Unless you have no reason to go back to Indonesia, finding yourself blacklisted can be both frightening and confusing. Will you go to jail? Can you ever come back? Most of all, how do you remove yourself from the list and come to Indonesia again?
Let’s tackle each of the questions. One, will you go to jail? It depends on the activities you did while you’re in the country. If you’ve been smuggling drugs or working illegally, jail time could be waiting for you besides being blacklisted. However, the no.1 reason for it is overstaying.
Fortunately, if you overstay for less than 60 days after your visa expiration, it’s possible you can leave the country after paying a fine of IDR 300,000 (~$22) for each day you’ve overstayed. You can settle that in the Immigration Office, and you may or may not get yourself blacklisted. Almost always, you join the statistics if you stayed for more than 60 days.
Can You Come to Indonesia Back?
Being blacklisted is different from being deported, although both tend to go hand in hand. Fortunately, you can be on the list permanently or temporarily. If your issue is just overstaying, it’s possible that you will only be dealt with a temporary ban on re-entry, which also means you can still come to Indonesia.
But the bigger question is, how do you exactly do that? The first step is to make sure you can have your ban lifted.
A temporary blacklist means you cannot go back to the country within 6 months. But this can be extended for another 6 months automatically by the computerized immigration system. So unless you verify and submit your appeal to the immigration office, you may still find yourself denied entry after 6 months are over.
To check and submit your appeal, here are the basic steps:
- Confirm you’re still on the list. Don’t assume. The most convenient would have been to call or email, but knowing how the immigration is super busy, you may not receive a reply immediately. To be sure, ask someone, a friend or a proxy, to confirm this for you.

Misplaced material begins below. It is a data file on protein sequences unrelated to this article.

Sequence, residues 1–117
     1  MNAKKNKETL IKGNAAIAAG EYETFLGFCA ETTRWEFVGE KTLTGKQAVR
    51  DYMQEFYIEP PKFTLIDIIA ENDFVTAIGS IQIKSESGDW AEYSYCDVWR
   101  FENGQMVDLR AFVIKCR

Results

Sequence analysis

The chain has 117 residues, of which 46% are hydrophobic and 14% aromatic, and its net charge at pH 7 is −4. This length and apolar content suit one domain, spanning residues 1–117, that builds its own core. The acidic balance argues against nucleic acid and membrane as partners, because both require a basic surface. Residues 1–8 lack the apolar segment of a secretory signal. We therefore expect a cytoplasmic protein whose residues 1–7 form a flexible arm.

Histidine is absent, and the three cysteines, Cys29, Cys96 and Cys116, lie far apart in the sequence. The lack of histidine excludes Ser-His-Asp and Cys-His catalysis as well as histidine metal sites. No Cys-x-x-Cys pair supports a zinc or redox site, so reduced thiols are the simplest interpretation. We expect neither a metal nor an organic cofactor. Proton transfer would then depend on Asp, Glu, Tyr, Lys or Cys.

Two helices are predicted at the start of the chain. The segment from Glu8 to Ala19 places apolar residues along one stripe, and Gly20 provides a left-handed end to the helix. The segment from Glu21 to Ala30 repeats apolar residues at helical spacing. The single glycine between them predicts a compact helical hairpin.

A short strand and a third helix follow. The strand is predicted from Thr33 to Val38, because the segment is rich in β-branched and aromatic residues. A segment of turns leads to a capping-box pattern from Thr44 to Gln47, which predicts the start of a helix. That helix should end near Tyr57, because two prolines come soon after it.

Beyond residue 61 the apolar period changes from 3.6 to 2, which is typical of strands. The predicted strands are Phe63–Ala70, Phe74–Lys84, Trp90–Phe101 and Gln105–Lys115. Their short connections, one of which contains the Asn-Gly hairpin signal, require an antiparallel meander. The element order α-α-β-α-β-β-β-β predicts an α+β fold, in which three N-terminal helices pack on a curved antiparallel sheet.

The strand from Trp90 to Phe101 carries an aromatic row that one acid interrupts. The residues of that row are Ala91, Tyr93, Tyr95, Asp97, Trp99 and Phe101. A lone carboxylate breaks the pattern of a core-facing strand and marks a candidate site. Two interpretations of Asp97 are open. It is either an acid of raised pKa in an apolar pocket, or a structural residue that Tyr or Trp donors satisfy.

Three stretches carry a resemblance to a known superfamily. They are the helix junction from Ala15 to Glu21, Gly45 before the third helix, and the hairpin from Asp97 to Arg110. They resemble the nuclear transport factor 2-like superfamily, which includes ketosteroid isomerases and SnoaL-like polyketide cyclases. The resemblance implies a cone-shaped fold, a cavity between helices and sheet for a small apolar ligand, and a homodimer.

- Submit your documents. These include petition letter called surat permohonan with IDR 6,000 materai, as well as a copy of your passport (including the page with the blacklist stamp), ID, and other Indonesian-related documents. Keep in mind that when it comes to the letter, only someone with a legal status in the country can do so. If you don’t have a sponsor, Cekindo can sign the letter on your behalf.
- Wait for the response. Hopefully, within the same day, your representative will receive the letter stating your request has been approved. He or she will then send the copy to your nearest embassy so you may now process your corresponding visa.
Cekindo Can Help You!
When it comes to getting blacklisted, the sentiments are almost the same: it’s always nerve-racking. And your fear and apprehension can increase the rejection of your appeal. You may also commit more mistakes.
We highly advise, therefore, to let Cekindo help you:
- Assist you to process your removal request and function as your immigration representative
- Help you create the request letter with the highest chance of approval.
- Assist you to process the correct visa and Indonesia work permit, among others, to make sure you’ll never get blacklisted again.
Our business consultants will be with you every step of the way. We can guide you through the whole process so you’ll never feel alone and scared. With us, you can rest assured we’ll find the right solution to your problem.
If you ever find yourself blacklisted and in need to come to Indonesia, call us right away at +6221 806 609 99 and or email us at firstname.lastname@example.org.
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